Bumper cars on the water: that’s what it felt like as my friends and I strategically paddled our way between dozens of other kayaks, canoes and inner tubes, carefully making our way down the Kickapoo River on a hot Saturday in July. Today was an adventure, all new kayaking territory for the four of us.
We heard the Kickapoo River was one of the most famous and popular canoeing sections in the entire state of Wisconsin. We heard it had beautiful scenery, waterside bluffs and mini-sandbars. We heard there were numerous canoe rentals in the area. Yet we never anticipated that these allurements would add up to a frenzy of people, boats and ruckus.
We began our journey in Ontario in Vernon County, about a two-hour drive from Madison. In Paddling Southern Wisconsin, author Mike Svob describes the 22-mile section between Ontario and LaFarge as “the best that the river has to offer.”
The area is noted as one of the most rugged portions of the state—the heart of the unglaciated Driftless Area. Its location in the heart of Wisconsin’s hidden valleys is so quiet and beautiful that it’s aptly referred to as God’s Country.
Diane, Jenny, Rebecca and I unloaded the four kayaks at the public canoe landing at Bridge 1 and then, while Jenny and Rebecca watched over our kayaks and gear, Diane and I drove our two vehicles to Bridge 7 where I parked the Pilot and trailer, and then we returned to Bridge 1 in Diane’s car.
Ready to hit the water, we followed a steady stream of water enthusiasts as they eased their water craft into the river. One by one, the kayaks and canoes and inner tubes were carried downstream in the current.
Canoes manned by first-time paddlers crossed the river haphazardly, often blocking our path, causing us to stop or veer around them. Inner tubers floated lazily downstream followed by inflatable coolers within easy reach. Some paddlers carried water radios, blasting loud music as they made their way along the river.
All we could do is relax and go with the flow.
The commotion continued as we crossed under the first two bridges. By Bridge 3, we’d made our way to the front of the pack. As we approached Bridge 4, river traffic was slightly lighter, yet I realized early on in our trip that with all the noise, it was unlikely we’d see any wildlife today.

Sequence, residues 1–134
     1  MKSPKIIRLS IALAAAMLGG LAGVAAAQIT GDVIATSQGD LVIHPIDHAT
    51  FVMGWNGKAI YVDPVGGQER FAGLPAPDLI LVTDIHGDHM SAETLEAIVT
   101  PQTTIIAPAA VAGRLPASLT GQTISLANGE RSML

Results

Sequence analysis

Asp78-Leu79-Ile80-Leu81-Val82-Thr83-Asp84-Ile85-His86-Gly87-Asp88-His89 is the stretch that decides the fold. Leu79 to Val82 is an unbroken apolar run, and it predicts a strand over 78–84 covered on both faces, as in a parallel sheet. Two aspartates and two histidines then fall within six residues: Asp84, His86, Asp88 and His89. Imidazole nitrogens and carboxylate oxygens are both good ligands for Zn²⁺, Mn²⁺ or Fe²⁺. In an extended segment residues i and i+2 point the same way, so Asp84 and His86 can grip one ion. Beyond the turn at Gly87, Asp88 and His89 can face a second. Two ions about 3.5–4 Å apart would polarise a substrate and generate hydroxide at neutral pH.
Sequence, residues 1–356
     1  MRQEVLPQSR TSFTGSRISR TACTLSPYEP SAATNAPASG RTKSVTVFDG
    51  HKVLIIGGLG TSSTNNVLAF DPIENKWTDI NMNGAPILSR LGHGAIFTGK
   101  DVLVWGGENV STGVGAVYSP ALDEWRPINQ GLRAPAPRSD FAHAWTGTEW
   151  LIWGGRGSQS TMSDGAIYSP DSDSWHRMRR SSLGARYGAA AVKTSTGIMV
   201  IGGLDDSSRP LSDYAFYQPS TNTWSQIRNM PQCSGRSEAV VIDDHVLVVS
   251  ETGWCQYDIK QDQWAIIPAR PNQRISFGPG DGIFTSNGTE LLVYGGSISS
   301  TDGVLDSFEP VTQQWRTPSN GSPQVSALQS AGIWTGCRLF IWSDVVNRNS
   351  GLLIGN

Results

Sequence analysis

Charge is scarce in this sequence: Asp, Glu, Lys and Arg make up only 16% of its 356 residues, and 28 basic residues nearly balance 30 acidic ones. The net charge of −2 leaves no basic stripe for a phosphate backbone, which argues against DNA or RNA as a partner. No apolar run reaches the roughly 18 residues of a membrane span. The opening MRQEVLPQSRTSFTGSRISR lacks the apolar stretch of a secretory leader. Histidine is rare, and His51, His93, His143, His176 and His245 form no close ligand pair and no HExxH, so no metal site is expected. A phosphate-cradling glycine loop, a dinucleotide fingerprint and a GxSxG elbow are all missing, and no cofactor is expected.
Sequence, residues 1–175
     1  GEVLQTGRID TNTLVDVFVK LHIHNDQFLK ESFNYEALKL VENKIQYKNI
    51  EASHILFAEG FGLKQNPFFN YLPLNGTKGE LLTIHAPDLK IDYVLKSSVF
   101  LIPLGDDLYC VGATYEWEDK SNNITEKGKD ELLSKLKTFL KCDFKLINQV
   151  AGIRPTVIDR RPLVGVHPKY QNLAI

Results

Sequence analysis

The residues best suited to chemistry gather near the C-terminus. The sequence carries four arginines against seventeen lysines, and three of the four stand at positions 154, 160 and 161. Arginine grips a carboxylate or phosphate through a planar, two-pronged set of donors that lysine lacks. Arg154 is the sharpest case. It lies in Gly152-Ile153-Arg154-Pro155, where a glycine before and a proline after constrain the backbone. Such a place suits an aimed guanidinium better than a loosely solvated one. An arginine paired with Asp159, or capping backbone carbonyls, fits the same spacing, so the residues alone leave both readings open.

Well, no wildlife other than the partygoers hooting and hollering on the sandbars—who I venture to say were a bit wild, in a summer-fun kind of a way—throwing frisbees, dogs barking and swimming in the river, music playing loudly, lots of yelling and laughter. It was, after all, an ideal day to be on the water: mid-80s and sunny.
One sandbar was so crowded with people and coolers, you could smell the beer in the air as we passed by. My fellow paddlers and I exchanged smiles. We had plenty of drinks with us, but not of that variety!
Tourists call the Kickapoo River the “crookedist river in the world,” and while it became jammed at sharp bends, the crowd was good-spirited. Most seemed in no hurry to get to their destination.
Diane, Jenny, Rebecca and I stopped just after Bridge 4 on a shady sandbar for lunch. Some of the crowd caught back up to us, passing by us while we ate.
As we finished eating, a lone canoe came around the bend. We could hear its occupants arguing, every other word an expletive, about how to paddle and steer. Let’s just say, canoeing was not going well for them. We weren’t sure whether to give the two boys instruction or tell them to watch their foul mouths.
Instead, we high-tailed it into our kayaks and pushed off into the river to put distance between us. We certainly didn’t want them to ruin our happy day.
We enjoyed the long and scenic stretch between Bridges 4 and 5 near Wildcat Mountain State Park. At Bridge 5, many of the canoe renters left the river, turning in their boats to the rental workers waiting onshore in buses. That made for a much more peaceful ride through Bridge 6 and on to our final destination at Bridge 7.
We estimated it would take us four hours to travel from Bridge 1 to 7, but since we were actually paddling, not just floating like many of other river occupants, we cut a half hour off our time. Had we another couple of hours, I would have loved to make it to Bridge 10 in Rockton, completing the 11.5-mile route, halfway to LaFarge.
We had looked forward to our Kickapoo kayaking adventure all week—and it was everything we had hoped for! We plan to pick up this adventure again someday, starting at Bridge 7 next time and continuing our exploration downriver.
We’re aiming for a crisp autumn day—definitely a weekday—where we can experience the beauty of this enchanting river with less of a crowd.
Photos by Diane Lukins